About 250 social housing units included as part of the Olympic Village project for the 2010 Winter Games may face the axe due to new cost overruns, according to a Vancouver city administrative report.
The cost of the affordable housing component of the project has risen to an estimated $110 million — a 70 per cent increase over the original budget of $65 million — says the report, released Monday night on the city's website.
Between $56 million and $77 million in additional city equity would be required to sustain affordable housing in the project, the report says.
"Staff must now review a number of options that can be brought to council for a decision related to the plan for delivering on the affordable housing commitment," it says.
The city needs to maintain "careful cost control" to prevent any further cost overruns, it says.
The report says the overruns stem from higher costs for exterior finishes, a tighter construction market, the project's firm deadline and an expansion of the floor area dedicated to affordable housing units.
The report asks the city's managing director of social development to get back to council by April 15 on financial and operational options for the affordable housing component of the Olympic Village.
Series of financial woes
The cost overruns for the affordable housing are the latest in a series of financial woes for the Olympic Village project, which is being built on undeveloped waterfront land in southeast False Creek, near downtown Vancouver.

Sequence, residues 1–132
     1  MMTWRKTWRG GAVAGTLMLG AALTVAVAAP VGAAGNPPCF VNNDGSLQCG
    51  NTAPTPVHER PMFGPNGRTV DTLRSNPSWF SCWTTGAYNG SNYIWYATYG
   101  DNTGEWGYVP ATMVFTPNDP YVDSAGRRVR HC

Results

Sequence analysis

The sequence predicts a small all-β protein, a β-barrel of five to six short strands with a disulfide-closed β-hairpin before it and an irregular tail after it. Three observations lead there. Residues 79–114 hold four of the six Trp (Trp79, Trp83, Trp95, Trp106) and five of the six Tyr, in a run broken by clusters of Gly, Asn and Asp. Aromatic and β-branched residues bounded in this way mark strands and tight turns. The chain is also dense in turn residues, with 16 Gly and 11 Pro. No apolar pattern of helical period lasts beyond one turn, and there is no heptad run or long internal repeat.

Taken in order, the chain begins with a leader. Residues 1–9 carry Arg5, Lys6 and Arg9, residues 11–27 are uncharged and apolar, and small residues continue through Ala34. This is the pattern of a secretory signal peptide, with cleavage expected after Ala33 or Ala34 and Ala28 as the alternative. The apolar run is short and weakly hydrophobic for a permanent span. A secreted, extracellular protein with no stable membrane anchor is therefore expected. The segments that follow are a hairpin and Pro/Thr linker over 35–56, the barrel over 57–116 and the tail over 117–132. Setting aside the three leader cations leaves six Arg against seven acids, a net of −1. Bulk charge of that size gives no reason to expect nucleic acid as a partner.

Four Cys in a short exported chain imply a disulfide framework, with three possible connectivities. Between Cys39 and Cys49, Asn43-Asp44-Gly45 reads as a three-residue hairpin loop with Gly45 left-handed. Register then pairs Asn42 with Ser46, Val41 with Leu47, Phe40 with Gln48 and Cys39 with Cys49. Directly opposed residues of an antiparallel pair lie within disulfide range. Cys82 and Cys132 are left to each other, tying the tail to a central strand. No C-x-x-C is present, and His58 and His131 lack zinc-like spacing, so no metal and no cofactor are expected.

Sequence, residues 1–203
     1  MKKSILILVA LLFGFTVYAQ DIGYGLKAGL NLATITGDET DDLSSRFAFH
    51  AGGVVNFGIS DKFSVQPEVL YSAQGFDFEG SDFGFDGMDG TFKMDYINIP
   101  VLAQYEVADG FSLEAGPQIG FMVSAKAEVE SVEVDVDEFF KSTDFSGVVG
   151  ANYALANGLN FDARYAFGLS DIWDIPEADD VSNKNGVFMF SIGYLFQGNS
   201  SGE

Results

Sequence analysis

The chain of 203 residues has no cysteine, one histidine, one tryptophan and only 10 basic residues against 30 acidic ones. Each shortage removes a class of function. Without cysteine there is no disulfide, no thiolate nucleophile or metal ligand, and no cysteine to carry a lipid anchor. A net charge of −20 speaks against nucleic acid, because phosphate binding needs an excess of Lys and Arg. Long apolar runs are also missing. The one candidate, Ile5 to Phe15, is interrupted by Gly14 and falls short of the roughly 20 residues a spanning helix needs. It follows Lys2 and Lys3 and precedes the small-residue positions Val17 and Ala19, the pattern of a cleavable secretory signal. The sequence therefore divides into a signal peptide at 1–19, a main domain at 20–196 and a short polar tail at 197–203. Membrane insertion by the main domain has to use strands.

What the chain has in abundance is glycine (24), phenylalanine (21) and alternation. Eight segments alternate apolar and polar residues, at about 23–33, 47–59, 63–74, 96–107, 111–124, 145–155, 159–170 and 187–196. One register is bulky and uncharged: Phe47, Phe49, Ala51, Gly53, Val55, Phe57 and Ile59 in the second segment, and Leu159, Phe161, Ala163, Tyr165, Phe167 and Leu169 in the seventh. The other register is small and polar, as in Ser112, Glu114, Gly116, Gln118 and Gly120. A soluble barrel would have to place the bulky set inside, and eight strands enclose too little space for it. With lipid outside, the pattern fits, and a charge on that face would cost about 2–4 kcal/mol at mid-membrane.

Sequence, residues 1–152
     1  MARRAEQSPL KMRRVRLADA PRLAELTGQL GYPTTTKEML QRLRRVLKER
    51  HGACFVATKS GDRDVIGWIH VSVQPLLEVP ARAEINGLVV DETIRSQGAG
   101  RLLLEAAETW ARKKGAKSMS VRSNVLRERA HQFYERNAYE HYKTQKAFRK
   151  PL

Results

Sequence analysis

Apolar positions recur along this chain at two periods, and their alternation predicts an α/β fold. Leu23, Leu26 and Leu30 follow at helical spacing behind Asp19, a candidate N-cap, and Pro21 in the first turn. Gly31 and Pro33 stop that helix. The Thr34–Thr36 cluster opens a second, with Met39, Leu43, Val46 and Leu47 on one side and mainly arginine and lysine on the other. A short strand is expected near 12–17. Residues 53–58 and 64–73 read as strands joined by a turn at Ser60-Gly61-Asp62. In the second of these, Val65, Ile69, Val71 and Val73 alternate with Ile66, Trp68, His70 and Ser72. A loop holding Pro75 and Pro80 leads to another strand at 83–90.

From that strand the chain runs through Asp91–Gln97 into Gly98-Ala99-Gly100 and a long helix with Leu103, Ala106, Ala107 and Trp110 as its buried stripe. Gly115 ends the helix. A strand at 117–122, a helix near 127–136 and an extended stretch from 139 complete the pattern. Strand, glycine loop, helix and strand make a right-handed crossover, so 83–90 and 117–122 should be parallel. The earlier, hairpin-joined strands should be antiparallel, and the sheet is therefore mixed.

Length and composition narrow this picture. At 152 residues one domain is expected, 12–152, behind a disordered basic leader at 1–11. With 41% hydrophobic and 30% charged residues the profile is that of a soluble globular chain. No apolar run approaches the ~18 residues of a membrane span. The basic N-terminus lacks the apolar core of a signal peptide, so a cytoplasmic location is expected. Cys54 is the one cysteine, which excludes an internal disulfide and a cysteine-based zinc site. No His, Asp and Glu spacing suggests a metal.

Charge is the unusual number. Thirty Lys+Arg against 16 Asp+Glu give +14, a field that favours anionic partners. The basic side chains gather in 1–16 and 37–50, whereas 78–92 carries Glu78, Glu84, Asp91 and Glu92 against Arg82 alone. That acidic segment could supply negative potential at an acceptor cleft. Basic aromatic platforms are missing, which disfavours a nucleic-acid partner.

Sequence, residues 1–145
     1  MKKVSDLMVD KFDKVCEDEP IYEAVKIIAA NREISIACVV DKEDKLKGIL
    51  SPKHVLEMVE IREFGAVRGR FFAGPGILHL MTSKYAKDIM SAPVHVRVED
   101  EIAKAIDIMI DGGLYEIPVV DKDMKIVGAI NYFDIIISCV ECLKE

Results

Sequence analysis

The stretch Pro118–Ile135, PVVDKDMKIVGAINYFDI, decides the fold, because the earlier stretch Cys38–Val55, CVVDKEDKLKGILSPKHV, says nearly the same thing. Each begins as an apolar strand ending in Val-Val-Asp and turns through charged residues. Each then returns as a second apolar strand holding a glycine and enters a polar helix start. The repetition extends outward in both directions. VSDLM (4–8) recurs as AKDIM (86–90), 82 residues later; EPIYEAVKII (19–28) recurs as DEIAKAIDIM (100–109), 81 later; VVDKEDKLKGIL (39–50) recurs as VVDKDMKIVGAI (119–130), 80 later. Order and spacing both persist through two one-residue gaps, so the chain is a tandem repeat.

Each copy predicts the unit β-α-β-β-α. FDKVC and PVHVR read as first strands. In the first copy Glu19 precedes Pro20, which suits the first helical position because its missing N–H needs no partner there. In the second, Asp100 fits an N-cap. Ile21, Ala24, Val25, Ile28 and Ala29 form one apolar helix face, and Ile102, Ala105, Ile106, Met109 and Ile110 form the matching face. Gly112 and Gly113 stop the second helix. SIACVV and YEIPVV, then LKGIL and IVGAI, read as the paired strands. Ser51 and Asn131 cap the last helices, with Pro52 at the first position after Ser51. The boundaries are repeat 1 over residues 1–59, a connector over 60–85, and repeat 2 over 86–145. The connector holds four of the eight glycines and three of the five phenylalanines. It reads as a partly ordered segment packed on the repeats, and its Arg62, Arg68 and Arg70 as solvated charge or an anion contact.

Last month, the city of Vancouver received the go-ahead to borrow up to $485 million needed to complete the Olympic Village for the 2010 Winter Games after the province passed a bill amending the city's charter.
The city has to deliver the athletes village with 1,100 units of housing by November this year to accommodate up to 2,800 athletes and officials during to the Games, a report last month by city manager Penny Ballem said.
The village was supposed to include what would become, once the Games are over, 250 social housing units, 730 market sales units and 120 rental units.
The city stepped in after the project ran into financial problems. A New York hedge fund was to lend the $750-million budgeted for the construction, but it cut off payments to the developer in September.
Since cash advancements to builder Millennium Development Corp. from Fortress Investment Group stopped, the city had been covering construction costs with a $100-million bailout loan approved during an in-camera council meeting on Oct. 14. That money ran out in mid-January, so Mayor Gregor Robertson asked the province to change the municipality's charter to allow it to borrow to fund all remaining work.
Cost overruns have pushed the project cost to $875 million. The southeast False Creek development site is on city-owned land worth $200 million, putting the value of the whole development project at more than $1 billion.